Homeland Security Watch

News and analysis of critical issues in homeland security

April 7, 2009

America echoes Ankara

Filed under: Immigration,Strategy,Terrorist Threats & Attacks — by Philip J. Palin on April 7, 2009

President Obama’s Monday speech in Ankara had several audiences and as many purposes.  In the United States it will be heard and read with particular care by the Muslim American community.

“So let me say this as clearly as I can: The United States is not, and will never be, at war with Islam,” has been the line most quoted from the speech. The President continued, “In fact, our partnership with the Muslim world is critical not just in rolling back the violent ideologies that people of all faiths reject, but also to strengthen opportunity for all its people.”

The United States, unlike Europe and elsewhere, has not yet suffered from homegrown Islamist terrorism.  Fundamental to our defense-in-depth has been effective economic, political, and cultural integration of Islamic residents.  While in Europe many Muslims are treated as second-class citizens or worse, the American Muslim community overall is better educated and more affluent than average. 

The President explained, “We seek broader engagement based on mutual interest and mutual respect. We will listen carefully, we will bridge misunderstandings, and we will seek common ground. We will be respectful, even when we do not agree. We will convey our deep appreciation for the Islamic faith, which has done so much over the centuries to shape the world — including in my own country. The United States has been enriched by Muslim Americans.”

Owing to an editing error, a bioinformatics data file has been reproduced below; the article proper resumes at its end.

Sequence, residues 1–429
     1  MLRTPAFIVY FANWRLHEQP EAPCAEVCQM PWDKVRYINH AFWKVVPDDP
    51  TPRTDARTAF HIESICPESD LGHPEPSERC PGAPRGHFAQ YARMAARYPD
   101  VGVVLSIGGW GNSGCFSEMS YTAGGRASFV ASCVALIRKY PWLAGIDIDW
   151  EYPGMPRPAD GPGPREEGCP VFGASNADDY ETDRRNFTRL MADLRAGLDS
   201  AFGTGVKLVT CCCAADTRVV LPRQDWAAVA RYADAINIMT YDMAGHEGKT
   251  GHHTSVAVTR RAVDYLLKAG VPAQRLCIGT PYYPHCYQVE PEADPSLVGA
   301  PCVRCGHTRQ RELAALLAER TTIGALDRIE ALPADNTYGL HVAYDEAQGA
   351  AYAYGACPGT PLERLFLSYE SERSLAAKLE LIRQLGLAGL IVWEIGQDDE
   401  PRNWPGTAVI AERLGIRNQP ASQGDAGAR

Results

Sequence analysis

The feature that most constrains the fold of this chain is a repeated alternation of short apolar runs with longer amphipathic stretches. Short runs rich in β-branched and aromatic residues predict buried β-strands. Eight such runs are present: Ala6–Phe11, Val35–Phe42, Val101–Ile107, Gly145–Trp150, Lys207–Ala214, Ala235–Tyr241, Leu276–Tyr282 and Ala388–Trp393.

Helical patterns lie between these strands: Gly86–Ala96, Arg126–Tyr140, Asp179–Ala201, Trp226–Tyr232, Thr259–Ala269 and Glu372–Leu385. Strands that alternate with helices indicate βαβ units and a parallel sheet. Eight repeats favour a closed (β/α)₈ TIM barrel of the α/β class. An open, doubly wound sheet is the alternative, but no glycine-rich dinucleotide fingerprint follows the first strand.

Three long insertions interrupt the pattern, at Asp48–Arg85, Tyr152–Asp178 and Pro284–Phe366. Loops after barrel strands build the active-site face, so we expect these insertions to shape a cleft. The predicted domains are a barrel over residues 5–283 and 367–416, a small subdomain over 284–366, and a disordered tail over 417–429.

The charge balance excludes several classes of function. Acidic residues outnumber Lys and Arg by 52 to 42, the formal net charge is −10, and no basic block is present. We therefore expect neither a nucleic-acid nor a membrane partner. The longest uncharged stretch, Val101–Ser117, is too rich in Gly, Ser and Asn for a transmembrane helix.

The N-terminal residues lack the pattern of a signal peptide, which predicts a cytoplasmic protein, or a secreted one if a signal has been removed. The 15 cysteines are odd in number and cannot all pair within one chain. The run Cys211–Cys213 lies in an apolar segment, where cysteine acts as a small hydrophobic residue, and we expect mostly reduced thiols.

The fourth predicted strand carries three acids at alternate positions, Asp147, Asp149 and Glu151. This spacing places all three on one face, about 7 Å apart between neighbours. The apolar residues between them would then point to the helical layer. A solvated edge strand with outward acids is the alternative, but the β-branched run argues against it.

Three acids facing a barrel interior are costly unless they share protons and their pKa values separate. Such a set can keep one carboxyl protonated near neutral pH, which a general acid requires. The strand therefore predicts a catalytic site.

Muslims make up less than  two percent –  2.35 million to 3.5 million – of the US population (estimates differ).  A 2007 Pew Research Center survey of Muslim Americans found them to be “largely assimilated, happy with their lives, and moderate with respect to many of the issues that have divided Muslims and Westerners around the world.”  A Washington Post-ABC News survey completed on March 29 found, however, that 45 percent of Americans self-assess they “do not have a good basic understanding of the teachings and beliefs of Islam” and 48 percent admit to having “unfavorable” views of Islam.

There is also concern that greater difficulty integrating some recent Somali immigrants may make that Muslim community more vulnerable to radicalization.

In the substantive close of his address to Turkish parliamentarians the President offered, “There’s an old Turkish proverb: ‘You cannot put out fire with flames.’  America knows this. Turkey knows this. There’s some who must be met by force, they will not compromise. But force alone cannot solve our problems, and it is no alternative to extremism. The future must belong to those who create, not those who destroy. That is the future we must work for, and we must work for it together.”  

In a joint statement the American Muslim Task Force on Civil Rights and Elections said, “The American Muslim community believes President Obama’s new policy of dialogue and mutual respect will serve our nation and the cause of world peace and stability much better than past policies of unilateralism and confrontation.”